in the fleckless light
separately in unison

like the sacks
of sifted stone stacked
regularly by twos

about the flat roof
ready after lunch
to be opened and strewn

The copper in eight
foot strips has been
beaten lengthwise

down the center at right
angles and lies ready
to edge the coping

One still chewing
picks up a copper strip
and runs his eye along it.

Williams was a superb, brilliant exponent of this pared-down approach; his sentences are prickly, full of splinters, a description of action that contains rhythm , movement, precise descriptions of things that give a strong suggestion that the arrangements of the things in the world are extraordinary as they are, even when they unseen by human eyes and egos that translate the experience into easy narrative tropes; what is splendid about this poem, “Fine Work with Pitch and Copper” is the lean and lyrical economy with which Williams gives us a good amount of detail; workmen on a break, the materials, and tools they are working with laying to the side, the light and time of day, the return to work, the steady hand of the workman who lifts a piece of the thing he is working on:
“One still chewing
picks up a copper strip
and runs his eye along it.”
Without fuss, commotion or straining rhetoric, Williams achieves a stark beauty, with his notion of taking his sentences and breaking them into smaller units of clear signification working subtly and directly to bring us to the startling last lines, “picks up a copper strip/and runs his eye along it.” That, for me, was a dicey image, since it suggests the grim prospect of having an eye poked out with hard, sharp, unyielding thing. But without the blathering on about courage, craft or anything else left and right intellectuals have romanticized about for decades before, Williams accomplishes one small thing that, in turn, went a long way in revolutionizing how poems come to be conceptualized. He achieves that fine balance between hard and soft things, he makes it tactile, he delivers his poem with such skilled brilliance that most readers miss it even after multiple readings.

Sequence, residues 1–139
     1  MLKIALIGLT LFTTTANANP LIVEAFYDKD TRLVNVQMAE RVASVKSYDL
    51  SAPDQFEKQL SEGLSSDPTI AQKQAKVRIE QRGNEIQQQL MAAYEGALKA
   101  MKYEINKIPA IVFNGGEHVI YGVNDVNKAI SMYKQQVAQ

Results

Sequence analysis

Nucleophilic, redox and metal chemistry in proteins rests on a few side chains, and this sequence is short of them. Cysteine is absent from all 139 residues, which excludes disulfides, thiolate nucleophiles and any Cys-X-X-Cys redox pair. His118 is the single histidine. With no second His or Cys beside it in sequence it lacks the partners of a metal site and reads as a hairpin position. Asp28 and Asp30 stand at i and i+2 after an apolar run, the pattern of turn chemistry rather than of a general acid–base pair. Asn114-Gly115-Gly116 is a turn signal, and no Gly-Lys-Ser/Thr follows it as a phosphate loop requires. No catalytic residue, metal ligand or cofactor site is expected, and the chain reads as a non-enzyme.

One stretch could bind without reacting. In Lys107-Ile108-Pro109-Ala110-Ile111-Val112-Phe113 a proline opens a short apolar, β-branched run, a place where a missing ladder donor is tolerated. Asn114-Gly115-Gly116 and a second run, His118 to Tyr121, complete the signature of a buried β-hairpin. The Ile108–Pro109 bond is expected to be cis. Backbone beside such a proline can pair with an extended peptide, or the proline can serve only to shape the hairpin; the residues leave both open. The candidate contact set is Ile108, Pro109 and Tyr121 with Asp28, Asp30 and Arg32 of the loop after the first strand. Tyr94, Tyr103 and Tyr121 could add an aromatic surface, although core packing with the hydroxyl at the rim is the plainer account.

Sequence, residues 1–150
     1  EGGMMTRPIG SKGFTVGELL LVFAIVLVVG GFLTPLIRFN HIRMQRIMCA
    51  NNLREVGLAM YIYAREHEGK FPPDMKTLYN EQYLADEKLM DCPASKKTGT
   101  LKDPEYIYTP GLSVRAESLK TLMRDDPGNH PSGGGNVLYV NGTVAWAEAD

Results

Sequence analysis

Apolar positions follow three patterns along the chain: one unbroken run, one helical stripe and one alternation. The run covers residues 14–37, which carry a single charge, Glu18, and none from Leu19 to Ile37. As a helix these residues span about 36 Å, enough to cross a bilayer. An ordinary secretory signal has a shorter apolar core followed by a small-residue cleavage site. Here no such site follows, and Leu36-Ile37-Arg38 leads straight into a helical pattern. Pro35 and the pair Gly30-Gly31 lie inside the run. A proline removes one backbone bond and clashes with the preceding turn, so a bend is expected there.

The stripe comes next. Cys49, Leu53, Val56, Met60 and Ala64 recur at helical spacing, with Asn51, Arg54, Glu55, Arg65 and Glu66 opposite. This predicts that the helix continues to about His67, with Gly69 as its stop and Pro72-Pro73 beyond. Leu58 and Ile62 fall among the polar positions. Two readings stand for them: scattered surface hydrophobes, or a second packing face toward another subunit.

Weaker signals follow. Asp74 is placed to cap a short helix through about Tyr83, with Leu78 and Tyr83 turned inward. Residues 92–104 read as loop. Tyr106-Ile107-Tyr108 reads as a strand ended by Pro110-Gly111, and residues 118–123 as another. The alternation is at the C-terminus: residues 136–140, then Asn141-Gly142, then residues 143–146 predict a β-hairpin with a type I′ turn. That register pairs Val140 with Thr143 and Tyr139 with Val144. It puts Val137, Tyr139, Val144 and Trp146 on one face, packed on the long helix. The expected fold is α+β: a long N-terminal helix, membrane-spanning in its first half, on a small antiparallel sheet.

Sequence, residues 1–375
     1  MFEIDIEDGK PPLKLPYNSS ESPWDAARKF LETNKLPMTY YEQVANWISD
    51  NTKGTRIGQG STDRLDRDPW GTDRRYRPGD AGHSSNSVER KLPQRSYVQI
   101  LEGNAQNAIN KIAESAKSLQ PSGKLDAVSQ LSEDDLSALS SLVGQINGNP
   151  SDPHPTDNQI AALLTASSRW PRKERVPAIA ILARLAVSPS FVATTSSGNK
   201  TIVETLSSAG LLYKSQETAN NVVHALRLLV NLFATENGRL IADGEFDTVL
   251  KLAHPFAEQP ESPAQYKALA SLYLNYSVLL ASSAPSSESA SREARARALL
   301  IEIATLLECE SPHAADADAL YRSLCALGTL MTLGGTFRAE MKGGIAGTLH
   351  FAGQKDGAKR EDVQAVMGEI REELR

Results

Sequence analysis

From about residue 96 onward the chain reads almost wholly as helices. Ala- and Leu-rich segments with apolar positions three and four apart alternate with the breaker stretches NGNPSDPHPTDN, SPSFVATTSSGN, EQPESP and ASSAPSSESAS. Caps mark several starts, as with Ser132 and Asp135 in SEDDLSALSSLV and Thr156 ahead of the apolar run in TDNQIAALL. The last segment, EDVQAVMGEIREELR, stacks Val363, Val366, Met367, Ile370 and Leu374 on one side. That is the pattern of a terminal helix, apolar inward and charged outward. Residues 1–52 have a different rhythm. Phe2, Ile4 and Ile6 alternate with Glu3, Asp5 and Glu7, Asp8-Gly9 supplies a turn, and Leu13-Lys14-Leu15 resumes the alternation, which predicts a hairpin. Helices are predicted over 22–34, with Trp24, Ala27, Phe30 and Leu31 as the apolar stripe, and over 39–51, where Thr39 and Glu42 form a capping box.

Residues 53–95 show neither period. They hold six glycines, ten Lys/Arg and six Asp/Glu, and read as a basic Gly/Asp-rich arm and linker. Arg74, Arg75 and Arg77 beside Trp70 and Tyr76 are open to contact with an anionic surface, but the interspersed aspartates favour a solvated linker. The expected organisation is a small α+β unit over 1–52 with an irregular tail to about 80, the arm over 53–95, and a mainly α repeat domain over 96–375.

Thursday, June 13, 2013